One Man's Space Trash Is Another Man's Space Treasure
Ficlets and Ficly survivor, FicMom, and Mistress of Well-Intentioned Indecision and Goddess of Unrequited Love. @ElshaHawk @HawkandYoung
There's a lot of junk out in space in orbit around the Earth.
Even though the crew of the Refuse Recovery 3, or RR3, a play on Reduce, Reuse, Recycle, had been out picking up space debris for 7 years, they'd never seen this before.
Frozen, every non-metal surface petrified, this was an airship. There was no way an airship had made it to space on its own. Something carried it there.
As the RR3 drifted around the contraption, using small thrusters, the crew was glued to the windows and camera screens. In the shadow of the craft lay the answer. Puncturing its stern and its immense balloon was a narrow missile head. It hadn't exploded in nuclear fury.
But fear of a nuclear explosion isn't what made the crew move quickly, it was the oozing liquid helium stored in the cargo tanks at the rear. A vast ocean, millimeters thin, walled off part of the vacuum of space, reflecting in their ship's lights. This would sell nicely on the black market, but it was warming and spreading, fast. They had to contain it.
No prequels yet. Why not write one?
No sequels yet. Why not write one?
Comments (9 so far!)
Average reader rating 5.00/5
This is an awesome lil story elsha. I liked the suspense and the surreal feeling of the plane in outer space.
- #2966 Posted 1 year ago
- 5 out of 5
Good stuff. Reminds me of a less horrifying version of one of the Aliens books (I think Earth Hive). I'd read more of this.
- #2968 Posted 1 year ago
Points for SF hardness. Helium would definitely be an expensive resource in the future.
- #2970 Posted 1 year ago
1. I did my research. Liquid Helium is one degree colder than space. It would warm and turn into gas, but slowly. As a superfluid, it would act differently than water in space, less like blobs and more like a flow. It would spread out.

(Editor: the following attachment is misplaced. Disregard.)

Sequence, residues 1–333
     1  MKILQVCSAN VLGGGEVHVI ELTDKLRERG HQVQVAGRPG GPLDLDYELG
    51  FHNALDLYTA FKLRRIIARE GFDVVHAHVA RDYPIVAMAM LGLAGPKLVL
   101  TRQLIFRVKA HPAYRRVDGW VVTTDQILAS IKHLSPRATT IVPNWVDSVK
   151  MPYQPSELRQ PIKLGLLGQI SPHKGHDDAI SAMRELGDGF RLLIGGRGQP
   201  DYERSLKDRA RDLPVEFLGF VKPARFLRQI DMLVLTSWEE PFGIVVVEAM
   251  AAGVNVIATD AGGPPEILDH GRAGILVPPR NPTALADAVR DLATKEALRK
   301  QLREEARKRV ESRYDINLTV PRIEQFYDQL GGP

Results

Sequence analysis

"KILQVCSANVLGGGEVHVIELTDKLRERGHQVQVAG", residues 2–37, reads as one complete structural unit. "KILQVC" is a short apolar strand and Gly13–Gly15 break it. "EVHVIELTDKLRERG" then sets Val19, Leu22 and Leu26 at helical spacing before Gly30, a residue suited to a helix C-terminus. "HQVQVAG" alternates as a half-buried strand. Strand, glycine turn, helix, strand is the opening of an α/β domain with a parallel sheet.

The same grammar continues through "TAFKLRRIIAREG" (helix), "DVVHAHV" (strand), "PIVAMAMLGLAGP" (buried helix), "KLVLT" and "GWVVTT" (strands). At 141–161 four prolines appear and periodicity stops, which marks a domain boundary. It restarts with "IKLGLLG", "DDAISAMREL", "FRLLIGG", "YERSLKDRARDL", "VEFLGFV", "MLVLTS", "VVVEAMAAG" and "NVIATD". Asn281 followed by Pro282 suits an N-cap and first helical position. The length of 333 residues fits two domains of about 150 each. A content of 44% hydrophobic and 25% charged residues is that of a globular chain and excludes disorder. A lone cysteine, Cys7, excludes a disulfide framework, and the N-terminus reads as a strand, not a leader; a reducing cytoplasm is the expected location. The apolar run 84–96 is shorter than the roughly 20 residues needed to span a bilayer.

2. It's and AIRSHIP not a plane. Think blimp. Think steampunk. I did not talk about any deceased that might be aboard and frozen in space, nor did I address the war that must be waging on Earth for a nuclear missile to hit an airship. Both are areas ANYONE may address in a sequel as I have no plans for this, not even character names.
3. THANK YOU for comments. <3 <3 <3
- #2971 Posted 1 year ago
Oh, and I don't know how they would collect the helium.
- #2972 Posted 1 year ago
I love the researching part! I love being able to explain how things work, if people ask. Interesting to know about the superfluidity! I'll read up.
I think either vacuuming it up and recondensing it down to liquid form, or something done using very powerful magnets would be effective ways of gathering it.
- #2975 Posted 1 year ago
So, it's been noted that there is no pressure in space. One person surmised that the liquid would boil off and become gas immediately. Another said, well, no pressure is why water stays in blobs. But I kind of think it would form a vapor cloud.
- #2977 Posted 1 year ago
The physics behind whether a certain element is liquid, solid or gas at certain temperatures and pressures is not very well understood; I think there is some leeway here.
Certainly in an open, room temperature vacuum I would expect the helium to become gas immediately. But here, inside a closed vacuum at near absolute zero, I think some of the helium would boil off until sufficient pressure existed to keep the rest liquid. A lot of this depends on complex calculations and the exact numbers relative to each other, which you have (wisely) not written down :)
Or the designers of the balloon could have been really clever, and engineered a supersmooth surface that would allow the helium to remain liquid via superheating.
- #2978 Posted 1 year ago
Interesting, middle of the road take on this, HSAR, that keeps everyone happy. :) That's what sci-fi is about; making up the parts based on hypothesis and no math. LOL
- #2979 Posted 1 year ago
- Published 1 year ago and featured 1 year ago.
- Story viewed 29 times and rated 1 times.
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